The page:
by ANDREW GARDA
One of the aims of high school — and by association, high school sports — is to prepare young people for life beyond high school, directing them to not only figure out what the next step should be but how they take that step as well.
For five of his seven years as the head football coach of the Montclair Mounties, John Fiore has hosted an Athletic Scholarship Night with former MHS Athletic Director John Porcelli. This year they were joined by Dennis McCarthy, a local scout who publishes The McCarthy Report each year to give people an idea of what to look for when putting a highlight tape together.
The aim of the seminar, which took place last Thursday, March 9, is to help give athletes and their parents an idea of what they are in for if they want to play their sport in college.
It’s not an easy process, but one thing both Fiore and Porcelli stress is for student-athletes and their parents to avoid getting locked into one school or even one level of play.
“There are a lot of good Division III schools,” Porcelli said. “Most of the people in this room will be playing for Division III schools.”
On the other hand, Porcelli said, while you don’t want too small or limited a list, you also don’t want to cast too wide a net. Only having a pair of schools or refusing to play for anything but a Division I school is too narrow —but having a list of 15 to 20 schools is far too unwieldy.
Once you have your list, you can go about contacting them and their coaching staff. Porcelli said that athletes as well as their parents, have to play an active role in getting a school’s attention. While this is especially critical when it comes to lower-level, it’s important even for more well known schools.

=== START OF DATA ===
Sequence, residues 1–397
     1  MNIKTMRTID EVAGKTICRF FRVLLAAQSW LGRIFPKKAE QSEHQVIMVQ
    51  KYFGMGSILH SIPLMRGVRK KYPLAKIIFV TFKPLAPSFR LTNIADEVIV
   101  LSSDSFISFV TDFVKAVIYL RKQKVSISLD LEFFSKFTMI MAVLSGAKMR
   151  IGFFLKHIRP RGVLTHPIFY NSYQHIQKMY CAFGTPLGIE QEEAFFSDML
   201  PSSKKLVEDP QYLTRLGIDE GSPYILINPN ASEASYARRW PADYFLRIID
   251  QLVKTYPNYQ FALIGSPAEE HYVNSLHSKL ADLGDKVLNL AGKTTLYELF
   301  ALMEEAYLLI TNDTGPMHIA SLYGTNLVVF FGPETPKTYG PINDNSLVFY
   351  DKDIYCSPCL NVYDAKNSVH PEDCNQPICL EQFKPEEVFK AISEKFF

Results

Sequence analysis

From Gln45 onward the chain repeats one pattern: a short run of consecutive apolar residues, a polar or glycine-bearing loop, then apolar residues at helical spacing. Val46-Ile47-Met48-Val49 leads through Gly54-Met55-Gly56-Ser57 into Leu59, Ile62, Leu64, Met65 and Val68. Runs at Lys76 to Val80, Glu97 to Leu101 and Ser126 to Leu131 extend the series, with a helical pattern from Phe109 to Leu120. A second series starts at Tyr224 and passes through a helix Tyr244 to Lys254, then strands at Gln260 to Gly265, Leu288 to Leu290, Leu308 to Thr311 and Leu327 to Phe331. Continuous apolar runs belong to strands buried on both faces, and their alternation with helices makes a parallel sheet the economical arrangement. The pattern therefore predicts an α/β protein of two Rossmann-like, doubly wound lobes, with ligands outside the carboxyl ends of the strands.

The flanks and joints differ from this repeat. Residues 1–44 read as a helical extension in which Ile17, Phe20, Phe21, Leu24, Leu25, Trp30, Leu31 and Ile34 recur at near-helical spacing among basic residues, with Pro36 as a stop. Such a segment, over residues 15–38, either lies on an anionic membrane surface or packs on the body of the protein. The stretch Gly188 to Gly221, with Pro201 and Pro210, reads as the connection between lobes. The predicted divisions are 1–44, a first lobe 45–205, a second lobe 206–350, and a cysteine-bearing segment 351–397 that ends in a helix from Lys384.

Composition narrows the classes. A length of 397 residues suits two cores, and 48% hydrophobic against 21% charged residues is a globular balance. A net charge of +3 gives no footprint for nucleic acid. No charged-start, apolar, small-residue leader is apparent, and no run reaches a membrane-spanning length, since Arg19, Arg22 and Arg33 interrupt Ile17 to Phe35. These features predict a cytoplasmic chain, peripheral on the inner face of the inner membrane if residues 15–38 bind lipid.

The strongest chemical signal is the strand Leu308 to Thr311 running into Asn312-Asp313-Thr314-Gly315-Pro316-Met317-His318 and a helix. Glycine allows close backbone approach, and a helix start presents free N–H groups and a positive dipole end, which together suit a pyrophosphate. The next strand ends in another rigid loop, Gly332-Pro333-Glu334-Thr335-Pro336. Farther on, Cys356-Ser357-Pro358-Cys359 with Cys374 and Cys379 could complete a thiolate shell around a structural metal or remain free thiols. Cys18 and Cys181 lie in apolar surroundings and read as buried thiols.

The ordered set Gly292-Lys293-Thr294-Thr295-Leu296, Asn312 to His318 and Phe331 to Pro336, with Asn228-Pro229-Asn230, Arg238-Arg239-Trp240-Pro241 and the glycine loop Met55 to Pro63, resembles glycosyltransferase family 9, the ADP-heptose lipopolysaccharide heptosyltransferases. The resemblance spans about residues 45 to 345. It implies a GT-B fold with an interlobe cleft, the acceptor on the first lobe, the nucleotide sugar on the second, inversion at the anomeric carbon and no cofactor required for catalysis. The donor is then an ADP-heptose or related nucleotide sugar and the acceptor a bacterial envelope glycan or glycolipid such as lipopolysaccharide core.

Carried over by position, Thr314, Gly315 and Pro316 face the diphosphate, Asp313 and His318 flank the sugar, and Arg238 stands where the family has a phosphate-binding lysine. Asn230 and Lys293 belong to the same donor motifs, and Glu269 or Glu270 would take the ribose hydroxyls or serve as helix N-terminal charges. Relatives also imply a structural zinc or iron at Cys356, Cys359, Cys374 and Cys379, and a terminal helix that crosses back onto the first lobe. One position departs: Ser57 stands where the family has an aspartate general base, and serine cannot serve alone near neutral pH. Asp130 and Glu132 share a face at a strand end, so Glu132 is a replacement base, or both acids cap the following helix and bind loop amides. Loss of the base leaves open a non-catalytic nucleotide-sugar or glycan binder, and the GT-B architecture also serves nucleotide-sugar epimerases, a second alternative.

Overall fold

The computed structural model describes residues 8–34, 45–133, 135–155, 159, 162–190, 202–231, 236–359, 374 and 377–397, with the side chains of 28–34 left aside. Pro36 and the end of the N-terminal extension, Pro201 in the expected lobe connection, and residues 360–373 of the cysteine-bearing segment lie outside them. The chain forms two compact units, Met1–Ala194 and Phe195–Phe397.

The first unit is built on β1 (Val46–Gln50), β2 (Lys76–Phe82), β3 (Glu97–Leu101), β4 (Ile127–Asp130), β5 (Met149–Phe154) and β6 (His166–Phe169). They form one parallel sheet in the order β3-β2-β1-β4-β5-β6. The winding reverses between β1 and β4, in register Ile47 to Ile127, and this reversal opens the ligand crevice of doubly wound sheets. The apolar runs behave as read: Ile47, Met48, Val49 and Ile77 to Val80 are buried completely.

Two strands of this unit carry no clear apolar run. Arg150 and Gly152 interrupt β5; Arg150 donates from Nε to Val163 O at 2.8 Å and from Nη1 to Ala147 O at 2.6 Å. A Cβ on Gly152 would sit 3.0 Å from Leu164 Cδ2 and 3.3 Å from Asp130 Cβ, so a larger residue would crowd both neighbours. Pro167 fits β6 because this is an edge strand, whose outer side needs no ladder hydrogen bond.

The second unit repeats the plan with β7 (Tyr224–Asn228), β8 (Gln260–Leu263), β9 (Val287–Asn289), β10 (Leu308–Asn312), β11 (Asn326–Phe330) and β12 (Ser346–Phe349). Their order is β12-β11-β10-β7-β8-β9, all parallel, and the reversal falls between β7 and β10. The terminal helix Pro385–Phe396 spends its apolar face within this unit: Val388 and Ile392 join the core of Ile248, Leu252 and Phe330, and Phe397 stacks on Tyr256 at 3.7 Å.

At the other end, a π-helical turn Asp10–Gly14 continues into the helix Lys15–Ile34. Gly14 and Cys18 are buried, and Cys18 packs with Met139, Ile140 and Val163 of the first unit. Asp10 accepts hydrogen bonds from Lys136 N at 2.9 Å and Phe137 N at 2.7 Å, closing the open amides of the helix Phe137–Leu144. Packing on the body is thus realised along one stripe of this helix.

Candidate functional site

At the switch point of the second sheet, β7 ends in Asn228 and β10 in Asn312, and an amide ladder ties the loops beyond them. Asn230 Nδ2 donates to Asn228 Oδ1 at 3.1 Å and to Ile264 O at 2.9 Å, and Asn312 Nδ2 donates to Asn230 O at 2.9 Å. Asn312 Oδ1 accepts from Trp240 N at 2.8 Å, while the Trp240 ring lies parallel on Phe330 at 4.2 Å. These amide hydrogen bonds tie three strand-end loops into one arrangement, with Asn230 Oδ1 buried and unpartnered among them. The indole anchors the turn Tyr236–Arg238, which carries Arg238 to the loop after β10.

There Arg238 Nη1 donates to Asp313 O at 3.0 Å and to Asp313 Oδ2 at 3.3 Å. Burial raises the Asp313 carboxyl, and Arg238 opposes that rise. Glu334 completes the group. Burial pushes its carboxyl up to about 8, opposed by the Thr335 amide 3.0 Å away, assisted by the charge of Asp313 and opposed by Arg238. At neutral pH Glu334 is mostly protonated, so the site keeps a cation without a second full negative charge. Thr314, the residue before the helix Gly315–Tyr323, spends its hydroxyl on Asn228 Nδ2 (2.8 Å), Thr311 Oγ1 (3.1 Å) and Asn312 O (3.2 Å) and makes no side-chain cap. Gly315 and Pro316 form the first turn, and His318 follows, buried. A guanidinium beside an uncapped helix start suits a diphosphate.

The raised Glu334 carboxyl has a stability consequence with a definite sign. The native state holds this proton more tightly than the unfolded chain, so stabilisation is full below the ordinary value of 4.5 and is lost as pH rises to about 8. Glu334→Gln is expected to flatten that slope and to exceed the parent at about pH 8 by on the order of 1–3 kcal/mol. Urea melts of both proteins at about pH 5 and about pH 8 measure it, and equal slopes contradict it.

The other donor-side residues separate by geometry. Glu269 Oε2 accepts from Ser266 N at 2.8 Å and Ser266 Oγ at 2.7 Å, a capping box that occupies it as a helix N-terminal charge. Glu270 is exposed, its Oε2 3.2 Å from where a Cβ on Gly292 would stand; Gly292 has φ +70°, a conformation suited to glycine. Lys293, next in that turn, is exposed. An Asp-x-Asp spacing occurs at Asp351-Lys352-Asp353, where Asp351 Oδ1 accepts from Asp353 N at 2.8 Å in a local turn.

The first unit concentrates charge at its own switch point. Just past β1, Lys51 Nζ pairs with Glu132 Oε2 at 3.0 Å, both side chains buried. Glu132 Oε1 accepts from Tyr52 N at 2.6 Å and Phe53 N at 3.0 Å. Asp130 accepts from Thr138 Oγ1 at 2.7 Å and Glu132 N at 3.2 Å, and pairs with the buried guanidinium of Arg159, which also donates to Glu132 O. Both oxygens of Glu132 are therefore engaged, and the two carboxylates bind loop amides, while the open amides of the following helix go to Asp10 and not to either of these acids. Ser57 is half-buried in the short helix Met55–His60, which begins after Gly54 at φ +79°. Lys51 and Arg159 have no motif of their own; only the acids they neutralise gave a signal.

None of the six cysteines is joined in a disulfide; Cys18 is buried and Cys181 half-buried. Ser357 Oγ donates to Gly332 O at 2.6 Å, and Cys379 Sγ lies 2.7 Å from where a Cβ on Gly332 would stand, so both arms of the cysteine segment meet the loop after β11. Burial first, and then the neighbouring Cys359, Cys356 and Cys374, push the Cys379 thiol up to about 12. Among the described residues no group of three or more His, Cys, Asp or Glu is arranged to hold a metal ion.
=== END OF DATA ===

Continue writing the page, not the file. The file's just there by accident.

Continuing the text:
As all three speakers pointed out, “Blue Chip” athletes — the best of the best — are getting recruited by sophomore year. So unless you happen to be one of those rare athletes, you have to work.
According to the NCAA, while there are nearly 8 million students currently playing high school sports, only around 480,000 will compete as NCAA athletes. Breaking it down further, there are only a limited amount of scholarships per sport, making the percentage for each revenue generating sport (football, basketball) and non-revenue generating (crew, fencing, wrestling) small.
For example, according to the NCAA’s most recent numbers, there are approximately 1,083,617 football players at the high school level. There are only 72,788 at the collegiate level, though. That means just 6.7 percent of high school athletes are likely to play football in college. Broken down even further, 2.6 percent will play Division I, 1.8 percent will play Division II and 2.4 percent will play Division III.
That’s for a sport which tends to have a lot more scholarships to offer. Smaller sports like water polo, volleyball or tennis don’t have as many opportunities.
There are more chances for girls due to Title IX, but still, all but the top athletes have to work to stand out, and for the right reasons.
All three men warned that schools and coaches look at all aspects of an athlete. How do they do academically? How is their character? Do they get into trouble? Are they involved in the community?
Social media is a factor as well, and Fiore warned that recruiters will check how an athlete behaves online.
“People lose scholarships,” by acting foolish online, he warned.
That also goes for parents as well, the trio pointed out, as recruiters and coaches will take a look at them as well to avoid overbearing and difficult moms and dads.
Standing out the right way isn’t easy, either. Marketing yourself isn’t something which comes naturally to a lot of parents and that’s where a guy like McCarthy comes in.
McCarthy gave some tips for setting up a highlight reel that catches the eye.
“It’s a highlight reel,” he said. “Make it exciting, right at the start.”
McCarthy also pointed out that while we know what coaches like for some sports, like football and basketball, for smaller sports it’s worth asking coaches what they look for so you can edit your reel to highlight those things.
This is all just a fraction of the work which goes into a high school athlete getting a scholarship at the college level. Being an athlete at the collegiate level is a full time job, and it turns out just getting there is a full time job too.